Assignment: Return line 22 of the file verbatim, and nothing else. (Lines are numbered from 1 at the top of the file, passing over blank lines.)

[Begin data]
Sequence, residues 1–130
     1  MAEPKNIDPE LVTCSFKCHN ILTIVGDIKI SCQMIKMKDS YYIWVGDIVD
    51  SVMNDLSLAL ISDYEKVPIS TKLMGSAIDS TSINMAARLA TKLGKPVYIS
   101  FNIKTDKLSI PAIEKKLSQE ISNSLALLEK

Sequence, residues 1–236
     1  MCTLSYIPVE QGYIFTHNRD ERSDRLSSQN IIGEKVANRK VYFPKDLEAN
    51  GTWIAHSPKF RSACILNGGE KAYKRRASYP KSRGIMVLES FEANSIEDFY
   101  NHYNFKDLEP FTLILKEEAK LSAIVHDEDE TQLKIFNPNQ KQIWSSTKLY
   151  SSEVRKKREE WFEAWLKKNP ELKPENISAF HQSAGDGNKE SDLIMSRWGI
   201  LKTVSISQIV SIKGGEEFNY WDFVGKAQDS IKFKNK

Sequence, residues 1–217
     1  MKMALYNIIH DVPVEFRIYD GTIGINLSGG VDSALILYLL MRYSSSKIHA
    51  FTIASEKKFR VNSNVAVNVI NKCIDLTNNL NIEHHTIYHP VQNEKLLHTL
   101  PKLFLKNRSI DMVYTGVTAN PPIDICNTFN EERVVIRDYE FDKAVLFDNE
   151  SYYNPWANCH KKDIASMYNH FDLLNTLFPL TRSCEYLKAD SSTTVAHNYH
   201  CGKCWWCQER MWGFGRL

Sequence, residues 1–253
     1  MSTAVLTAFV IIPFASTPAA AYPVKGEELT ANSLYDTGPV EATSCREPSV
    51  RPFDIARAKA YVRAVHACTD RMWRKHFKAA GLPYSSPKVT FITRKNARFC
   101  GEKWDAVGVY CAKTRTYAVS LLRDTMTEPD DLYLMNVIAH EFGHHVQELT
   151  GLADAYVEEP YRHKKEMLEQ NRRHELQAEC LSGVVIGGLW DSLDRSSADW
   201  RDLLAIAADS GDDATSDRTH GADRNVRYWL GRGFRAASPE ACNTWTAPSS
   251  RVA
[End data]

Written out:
   201  RDLLAIAADS GDDATSDRTH GADRNVRYWL GRGFRAASPE ACNTWTAPSS